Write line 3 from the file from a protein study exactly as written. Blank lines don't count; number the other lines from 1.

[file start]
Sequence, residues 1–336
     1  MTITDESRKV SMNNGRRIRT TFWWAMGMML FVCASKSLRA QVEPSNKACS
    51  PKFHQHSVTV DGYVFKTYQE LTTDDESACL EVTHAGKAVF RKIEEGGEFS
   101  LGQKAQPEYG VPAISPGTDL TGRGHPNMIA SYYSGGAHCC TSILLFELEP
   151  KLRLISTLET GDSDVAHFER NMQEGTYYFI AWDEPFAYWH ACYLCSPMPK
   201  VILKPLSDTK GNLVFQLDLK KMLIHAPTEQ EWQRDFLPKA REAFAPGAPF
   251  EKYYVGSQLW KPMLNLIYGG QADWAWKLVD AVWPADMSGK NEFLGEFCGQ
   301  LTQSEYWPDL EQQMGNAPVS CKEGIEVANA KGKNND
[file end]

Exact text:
    51  PKFHQHSVTV DGYVFKTYQE LTTDDESACL EVTHAGKAVF RKIEEGGEFS